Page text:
Earth is orbited every day by space objects that might have the potential to become a danger for our planet. But most times than not, they just pass by us in their uninterrupted voyage in space. These cosmic bodies that are coming a little too close to Earth are called near-Earth objects, or NEO. In the family of NEOs are included not only asteroids but also meteorites and comets. According to statistics from January the current year, there are more than 19,000 NEOs discovered. But that does not mean that all of them are hazardous.
Such an example is asteroid 2006 QQ23 that is expected to pass Earth on August 10th. Should we worry? Asteroid 2006 QQ23 was calculated to have around 1,870 feet (570 meters). As a comparison, the asteroid is much bigger than the Empire State building.
But like many other giant asteroids, astronomers have informed us that there is no reason to worry as this specific asteroid has been observed for a long time and calculations have been made in regards with its course through space.
Another Giant Asteroid To Pass Next To Earth This Month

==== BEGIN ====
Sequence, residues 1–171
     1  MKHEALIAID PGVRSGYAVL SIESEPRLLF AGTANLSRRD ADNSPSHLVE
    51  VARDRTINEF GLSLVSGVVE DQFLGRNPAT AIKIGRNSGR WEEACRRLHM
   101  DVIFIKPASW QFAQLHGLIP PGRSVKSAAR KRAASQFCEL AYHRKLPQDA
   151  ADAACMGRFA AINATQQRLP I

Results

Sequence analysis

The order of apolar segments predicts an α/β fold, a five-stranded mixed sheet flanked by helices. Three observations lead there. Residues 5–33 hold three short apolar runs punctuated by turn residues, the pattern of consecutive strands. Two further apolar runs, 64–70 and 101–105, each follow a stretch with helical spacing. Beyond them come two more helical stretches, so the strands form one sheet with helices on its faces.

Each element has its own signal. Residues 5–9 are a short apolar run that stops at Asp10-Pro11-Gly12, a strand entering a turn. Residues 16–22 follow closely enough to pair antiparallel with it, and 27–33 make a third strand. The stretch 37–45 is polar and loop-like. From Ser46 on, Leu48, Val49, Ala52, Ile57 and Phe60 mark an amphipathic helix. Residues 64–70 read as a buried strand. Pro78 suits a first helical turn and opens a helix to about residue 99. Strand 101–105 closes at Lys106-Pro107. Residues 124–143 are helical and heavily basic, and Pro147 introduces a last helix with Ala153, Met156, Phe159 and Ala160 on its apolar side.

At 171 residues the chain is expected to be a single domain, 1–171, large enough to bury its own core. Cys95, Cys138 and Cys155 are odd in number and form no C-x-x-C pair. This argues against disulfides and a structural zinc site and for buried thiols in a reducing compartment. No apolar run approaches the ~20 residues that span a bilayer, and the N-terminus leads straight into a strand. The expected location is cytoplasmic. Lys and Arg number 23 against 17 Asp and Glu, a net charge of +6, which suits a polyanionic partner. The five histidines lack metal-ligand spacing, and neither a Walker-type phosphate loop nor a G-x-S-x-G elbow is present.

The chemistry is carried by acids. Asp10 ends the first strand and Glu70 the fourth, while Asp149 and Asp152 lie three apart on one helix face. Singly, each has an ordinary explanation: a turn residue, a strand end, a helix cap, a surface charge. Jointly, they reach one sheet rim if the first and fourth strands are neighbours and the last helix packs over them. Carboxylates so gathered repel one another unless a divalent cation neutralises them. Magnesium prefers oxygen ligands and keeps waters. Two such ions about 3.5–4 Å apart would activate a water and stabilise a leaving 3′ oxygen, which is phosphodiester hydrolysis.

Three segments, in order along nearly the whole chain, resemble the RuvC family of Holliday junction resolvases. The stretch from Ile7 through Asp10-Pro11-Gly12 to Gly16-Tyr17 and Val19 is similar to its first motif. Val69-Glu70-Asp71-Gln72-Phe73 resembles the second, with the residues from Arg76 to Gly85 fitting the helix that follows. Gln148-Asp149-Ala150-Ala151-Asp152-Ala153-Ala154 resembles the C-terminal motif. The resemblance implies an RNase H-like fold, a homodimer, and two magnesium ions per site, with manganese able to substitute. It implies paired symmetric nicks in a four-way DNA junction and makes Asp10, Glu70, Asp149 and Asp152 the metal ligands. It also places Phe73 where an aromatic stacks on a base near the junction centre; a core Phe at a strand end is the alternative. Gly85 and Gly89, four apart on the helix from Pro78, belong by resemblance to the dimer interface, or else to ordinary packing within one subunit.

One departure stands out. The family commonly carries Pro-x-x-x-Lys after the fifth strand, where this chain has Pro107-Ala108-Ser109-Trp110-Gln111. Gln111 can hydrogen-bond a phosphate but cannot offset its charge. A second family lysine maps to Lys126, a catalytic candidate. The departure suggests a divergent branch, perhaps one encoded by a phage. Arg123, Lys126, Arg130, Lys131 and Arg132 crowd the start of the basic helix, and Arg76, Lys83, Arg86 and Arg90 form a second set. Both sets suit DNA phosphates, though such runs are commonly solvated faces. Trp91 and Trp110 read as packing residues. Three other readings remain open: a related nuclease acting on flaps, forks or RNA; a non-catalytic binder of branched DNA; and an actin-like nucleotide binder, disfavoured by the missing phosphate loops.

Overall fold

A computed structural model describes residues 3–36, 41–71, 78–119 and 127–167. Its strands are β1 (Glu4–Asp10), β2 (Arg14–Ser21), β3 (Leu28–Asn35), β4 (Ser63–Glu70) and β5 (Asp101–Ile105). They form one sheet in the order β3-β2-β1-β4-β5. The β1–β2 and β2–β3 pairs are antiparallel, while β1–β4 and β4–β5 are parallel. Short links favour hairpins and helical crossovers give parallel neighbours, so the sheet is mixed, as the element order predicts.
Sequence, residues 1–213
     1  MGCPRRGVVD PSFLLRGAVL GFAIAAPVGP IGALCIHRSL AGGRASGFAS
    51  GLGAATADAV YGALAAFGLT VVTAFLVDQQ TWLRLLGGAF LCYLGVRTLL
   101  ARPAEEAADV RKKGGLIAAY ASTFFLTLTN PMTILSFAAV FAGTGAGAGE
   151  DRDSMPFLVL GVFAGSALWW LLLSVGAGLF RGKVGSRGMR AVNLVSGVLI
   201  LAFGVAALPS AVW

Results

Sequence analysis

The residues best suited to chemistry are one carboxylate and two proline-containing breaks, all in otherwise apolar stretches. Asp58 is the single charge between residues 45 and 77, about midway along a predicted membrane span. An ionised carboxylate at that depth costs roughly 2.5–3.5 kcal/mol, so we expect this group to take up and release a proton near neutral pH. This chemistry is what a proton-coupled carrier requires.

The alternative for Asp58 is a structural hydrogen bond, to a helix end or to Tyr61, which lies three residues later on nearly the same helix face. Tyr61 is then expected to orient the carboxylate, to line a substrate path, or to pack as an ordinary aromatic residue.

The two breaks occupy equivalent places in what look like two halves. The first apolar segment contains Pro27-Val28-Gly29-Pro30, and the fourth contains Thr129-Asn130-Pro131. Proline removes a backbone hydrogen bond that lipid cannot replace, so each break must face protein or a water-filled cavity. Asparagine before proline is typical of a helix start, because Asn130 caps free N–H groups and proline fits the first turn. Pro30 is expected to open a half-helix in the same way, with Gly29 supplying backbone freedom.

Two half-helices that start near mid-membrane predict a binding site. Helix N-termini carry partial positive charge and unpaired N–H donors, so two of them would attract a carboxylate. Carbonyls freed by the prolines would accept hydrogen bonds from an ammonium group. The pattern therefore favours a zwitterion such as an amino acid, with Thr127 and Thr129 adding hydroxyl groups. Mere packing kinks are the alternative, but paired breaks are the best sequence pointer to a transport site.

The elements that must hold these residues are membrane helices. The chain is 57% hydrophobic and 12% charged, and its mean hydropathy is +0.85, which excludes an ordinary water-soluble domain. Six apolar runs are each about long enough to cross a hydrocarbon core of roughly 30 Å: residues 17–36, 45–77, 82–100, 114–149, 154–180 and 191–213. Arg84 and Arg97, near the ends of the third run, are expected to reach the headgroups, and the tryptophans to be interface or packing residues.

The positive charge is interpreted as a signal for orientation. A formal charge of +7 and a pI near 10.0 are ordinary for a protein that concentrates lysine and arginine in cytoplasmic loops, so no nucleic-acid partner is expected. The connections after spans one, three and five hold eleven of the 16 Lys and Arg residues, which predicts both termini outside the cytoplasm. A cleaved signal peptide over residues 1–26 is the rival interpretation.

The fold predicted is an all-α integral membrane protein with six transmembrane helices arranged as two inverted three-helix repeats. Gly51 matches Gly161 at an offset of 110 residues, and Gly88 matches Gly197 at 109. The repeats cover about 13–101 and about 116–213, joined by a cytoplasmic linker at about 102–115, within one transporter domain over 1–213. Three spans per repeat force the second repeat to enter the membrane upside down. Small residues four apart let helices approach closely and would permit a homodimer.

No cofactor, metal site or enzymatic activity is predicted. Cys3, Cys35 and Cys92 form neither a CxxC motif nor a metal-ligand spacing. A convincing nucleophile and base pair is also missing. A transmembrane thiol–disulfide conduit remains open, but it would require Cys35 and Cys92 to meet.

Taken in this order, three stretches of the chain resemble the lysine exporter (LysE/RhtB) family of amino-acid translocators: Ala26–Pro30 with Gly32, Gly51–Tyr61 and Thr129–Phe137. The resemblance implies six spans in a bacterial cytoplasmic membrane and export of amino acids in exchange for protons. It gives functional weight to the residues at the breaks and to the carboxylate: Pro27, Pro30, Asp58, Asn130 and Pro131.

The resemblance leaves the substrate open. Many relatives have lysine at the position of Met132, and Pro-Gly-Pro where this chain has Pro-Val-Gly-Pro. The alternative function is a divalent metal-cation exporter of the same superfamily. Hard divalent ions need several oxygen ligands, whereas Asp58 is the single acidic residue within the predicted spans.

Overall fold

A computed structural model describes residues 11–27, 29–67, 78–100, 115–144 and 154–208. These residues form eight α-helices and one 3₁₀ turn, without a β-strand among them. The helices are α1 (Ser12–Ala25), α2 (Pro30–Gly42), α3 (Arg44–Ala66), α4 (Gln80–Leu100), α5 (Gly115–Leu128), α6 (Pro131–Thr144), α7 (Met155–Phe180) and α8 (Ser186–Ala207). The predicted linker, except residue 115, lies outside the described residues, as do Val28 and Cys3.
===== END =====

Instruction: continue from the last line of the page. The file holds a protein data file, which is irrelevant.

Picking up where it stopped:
In terms of asteroids’ size, 2006 QQ23 is not even that big. There are more than five asteroids with the same specifications that pass our planet each year without presenting a problem. It is worth mentioning that the most massive asteroid to orbit Earth is 21 miles long (around 34 km). What’s more, there are about 900 asteroids bigger than QQ23 in our Solar System.
The great news is that not many asteroids succeed in entering Earth’s atmosphere. But if they do, the chance of an impact with the surface of Earth is quite rare. Therefore, the possibility of damage is also limited. Most of the asteroids burn in the atmosphere and do not get the chance to reach the earth.
NASA is working on a project to create a method to deflect or destroy asteroids that are a threat to Earth, but such a project is something quite challenging. We hope that until an asteroid decides to come too close to our home, NASA would have found a way to save Earth.
Jasmine holds a Master’s in Journalism from Ryerson University in Toronto and writes professionally in a broad variety of genres. She has worked as a senior manager in public relations and communications for major telecommunication companies, and is the former Deputy Director for Media Relations with the Modern Coalition. Jasmine writes primarily in our LGBTTQQIAAP and Science section.